Noah Valenstein’s resignation as the head of the Florida Department of Environmental Protection has touched off an interesting debate over executive power that may still be an issue during next year’s election.
Gov. Ron DeSantis recently announced he planned to name the new FDEP head all by himself without consulting the Florida Cabinet.
As it turns out, one of DeSantis’ announced opponents in his bid for re-election is Cabinet member Nikki Fried, Florida’s secretary of agriculture and consumer services.
She pushed back, charging that was illegal.
No, it’s not, DeSantis replied.
A check of the Florida Constitution and Florida statutes shows Fried was right.
20.055 (1) of Florida statutes reads:
“The head of the Department of Environmental Protection shall be a secretary, who shall be appointed by the Governor, with the concurrence of three members of the Cabinet. ”
Section 6 of the Florida Constitution reads:
“When provided by law, confirmation by the senate or the approval of three members of the cabinet shall be required for appointment to or removal from any designated statutory office.”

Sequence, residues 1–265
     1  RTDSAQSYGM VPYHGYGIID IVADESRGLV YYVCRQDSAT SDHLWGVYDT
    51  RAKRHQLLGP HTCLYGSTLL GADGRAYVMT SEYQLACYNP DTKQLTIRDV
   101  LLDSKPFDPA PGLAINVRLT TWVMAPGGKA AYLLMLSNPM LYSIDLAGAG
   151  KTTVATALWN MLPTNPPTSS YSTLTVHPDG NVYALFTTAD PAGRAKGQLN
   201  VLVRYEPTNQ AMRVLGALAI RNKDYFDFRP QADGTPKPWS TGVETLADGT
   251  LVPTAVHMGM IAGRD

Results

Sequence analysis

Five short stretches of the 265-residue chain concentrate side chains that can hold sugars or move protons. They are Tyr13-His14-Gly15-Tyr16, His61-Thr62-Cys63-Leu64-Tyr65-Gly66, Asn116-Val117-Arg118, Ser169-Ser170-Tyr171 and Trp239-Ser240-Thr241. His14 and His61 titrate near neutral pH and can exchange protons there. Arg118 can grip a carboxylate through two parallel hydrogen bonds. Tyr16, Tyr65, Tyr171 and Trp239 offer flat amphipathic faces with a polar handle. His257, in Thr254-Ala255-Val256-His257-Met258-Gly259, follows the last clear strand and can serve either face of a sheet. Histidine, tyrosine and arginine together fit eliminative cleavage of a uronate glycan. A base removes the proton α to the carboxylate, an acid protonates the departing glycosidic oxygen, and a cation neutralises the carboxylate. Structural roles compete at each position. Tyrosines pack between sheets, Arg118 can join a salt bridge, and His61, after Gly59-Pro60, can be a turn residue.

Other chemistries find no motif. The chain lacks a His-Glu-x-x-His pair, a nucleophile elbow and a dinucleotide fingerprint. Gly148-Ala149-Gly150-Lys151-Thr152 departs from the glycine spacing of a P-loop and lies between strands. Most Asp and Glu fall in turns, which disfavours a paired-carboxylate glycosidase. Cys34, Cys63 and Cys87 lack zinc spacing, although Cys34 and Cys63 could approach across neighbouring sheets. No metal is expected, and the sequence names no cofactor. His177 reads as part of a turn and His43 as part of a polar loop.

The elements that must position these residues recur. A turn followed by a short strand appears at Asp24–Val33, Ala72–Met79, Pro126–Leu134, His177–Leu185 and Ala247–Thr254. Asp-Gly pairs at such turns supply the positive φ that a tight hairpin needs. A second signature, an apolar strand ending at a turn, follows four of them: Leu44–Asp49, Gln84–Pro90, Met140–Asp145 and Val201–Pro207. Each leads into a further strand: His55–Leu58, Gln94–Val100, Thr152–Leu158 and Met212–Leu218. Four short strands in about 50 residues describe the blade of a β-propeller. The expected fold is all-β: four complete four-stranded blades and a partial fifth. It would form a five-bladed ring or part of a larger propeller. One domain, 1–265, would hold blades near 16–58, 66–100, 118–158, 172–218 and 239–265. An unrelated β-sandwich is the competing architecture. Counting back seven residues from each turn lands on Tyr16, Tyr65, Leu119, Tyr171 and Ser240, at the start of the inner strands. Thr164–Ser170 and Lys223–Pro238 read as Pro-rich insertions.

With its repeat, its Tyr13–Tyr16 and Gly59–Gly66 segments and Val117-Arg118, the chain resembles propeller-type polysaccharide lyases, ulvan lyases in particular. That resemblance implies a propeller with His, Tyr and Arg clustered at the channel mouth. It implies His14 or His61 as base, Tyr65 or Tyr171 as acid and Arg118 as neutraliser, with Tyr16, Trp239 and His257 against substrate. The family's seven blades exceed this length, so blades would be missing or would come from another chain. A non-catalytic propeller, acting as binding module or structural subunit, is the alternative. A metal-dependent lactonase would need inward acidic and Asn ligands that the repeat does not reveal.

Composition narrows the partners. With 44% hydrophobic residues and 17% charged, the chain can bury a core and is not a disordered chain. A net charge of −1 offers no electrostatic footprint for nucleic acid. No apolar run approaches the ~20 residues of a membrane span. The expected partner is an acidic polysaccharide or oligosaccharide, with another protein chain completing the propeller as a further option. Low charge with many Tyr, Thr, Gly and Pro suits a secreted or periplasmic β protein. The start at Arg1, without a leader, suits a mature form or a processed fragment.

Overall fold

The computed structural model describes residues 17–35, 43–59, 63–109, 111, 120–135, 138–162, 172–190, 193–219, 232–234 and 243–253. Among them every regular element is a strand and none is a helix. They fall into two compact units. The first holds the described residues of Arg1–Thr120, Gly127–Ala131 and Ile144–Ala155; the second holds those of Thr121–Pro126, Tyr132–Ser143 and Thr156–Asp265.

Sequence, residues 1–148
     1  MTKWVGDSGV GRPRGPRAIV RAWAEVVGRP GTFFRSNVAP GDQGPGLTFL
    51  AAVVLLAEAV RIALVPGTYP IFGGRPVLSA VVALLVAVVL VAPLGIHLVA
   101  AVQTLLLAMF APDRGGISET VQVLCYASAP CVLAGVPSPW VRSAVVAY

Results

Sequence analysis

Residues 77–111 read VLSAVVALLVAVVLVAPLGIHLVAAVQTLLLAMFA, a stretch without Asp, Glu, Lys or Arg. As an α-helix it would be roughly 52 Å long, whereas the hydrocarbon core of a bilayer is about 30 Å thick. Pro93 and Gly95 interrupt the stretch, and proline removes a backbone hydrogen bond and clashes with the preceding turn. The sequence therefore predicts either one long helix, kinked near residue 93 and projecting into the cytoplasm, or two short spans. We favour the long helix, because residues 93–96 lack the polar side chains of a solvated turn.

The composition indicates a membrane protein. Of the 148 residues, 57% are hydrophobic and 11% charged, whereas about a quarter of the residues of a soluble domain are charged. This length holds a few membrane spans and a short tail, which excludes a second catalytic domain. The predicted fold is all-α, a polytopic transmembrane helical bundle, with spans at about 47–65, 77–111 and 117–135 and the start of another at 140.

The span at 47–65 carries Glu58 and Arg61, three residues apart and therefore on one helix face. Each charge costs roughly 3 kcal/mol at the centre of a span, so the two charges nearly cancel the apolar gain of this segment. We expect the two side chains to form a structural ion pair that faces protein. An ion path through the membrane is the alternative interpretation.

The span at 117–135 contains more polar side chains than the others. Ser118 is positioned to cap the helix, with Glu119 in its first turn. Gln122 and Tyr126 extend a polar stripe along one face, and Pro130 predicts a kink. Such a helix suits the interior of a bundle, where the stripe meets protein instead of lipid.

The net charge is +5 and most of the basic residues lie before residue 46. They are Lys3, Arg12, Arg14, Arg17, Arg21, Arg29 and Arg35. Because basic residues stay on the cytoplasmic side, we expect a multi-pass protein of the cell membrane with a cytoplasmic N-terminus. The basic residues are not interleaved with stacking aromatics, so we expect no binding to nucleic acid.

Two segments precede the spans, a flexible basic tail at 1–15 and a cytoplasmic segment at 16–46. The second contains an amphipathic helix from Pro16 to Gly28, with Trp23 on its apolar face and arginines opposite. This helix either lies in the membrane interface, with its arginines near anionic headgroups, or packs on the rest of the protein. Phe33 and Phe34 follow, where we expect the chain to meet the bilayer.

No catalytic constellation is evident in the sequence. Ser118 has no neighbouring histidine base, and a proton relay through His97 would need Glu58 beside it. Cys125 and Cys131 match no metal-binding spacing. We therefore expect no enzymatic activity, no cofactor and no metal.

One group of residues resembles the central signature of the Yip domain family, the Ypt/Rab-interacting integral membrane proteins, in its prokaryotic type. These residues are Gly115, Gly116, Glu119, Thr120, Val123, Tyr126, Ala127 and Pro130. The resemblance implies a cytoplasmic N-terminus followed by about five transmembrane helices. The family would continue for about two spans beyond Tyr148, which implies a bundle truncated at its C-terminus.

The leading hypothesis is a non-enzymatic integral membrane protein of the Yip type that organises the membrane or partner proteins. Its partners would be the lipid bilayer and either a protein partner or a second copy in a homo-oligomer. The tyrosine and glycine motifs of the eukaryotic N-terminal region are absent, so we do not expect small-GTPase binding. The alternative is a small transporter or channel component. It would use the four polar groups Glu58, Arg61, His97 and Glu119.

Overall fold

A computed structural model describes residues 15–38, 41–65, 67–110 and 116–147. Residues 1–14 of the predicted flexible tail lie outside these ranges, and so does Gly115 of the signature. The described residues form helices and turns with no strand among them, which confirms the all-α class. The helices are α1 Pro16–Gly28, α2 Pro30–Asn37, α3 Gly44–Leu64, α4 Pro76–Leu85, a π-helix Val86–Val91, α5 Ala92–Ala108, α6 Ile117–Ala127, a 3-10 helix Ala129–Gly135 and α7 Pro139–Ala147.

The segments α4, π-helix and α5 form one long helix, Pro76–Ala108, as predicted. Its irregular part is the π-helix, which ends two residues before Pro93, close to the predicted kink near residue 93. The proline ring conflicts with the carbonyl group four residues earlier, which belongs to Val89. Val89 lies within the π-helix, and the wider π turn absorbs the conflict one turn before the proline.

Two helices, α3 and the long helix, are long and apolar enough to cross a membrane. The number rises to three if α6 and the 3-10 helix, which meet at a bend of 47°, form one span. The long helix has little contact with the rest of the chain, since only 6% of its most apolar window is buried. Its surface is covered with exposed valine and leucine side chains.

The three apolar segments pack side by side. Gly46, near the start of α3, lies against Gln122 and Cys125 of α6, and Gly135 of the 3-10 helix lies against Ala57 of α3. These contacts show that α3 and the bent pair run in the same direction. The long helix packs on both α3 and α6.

Florida has a three-member Cabinet, so that means the vote must be unanimous.
That means Fried potentially has veto power if DeSantis appoints, for instance, someone with strong ties to the enterprises the department is supposed to regulated.
That also may be why DeSantis doesn’t want to deal with any dissenting voices if he is thinking of making some Trump-like appointment (coal lobbyist to head EPA), which would mirror some of the other decisions that have emerged from DeSantis’ office recently.
Just for the record, Sierra Club has made no endorsements in the governor’s race.
Sierra does support strong environmental protection and who leads the agency sets the tone for whether the protection is strong or weak.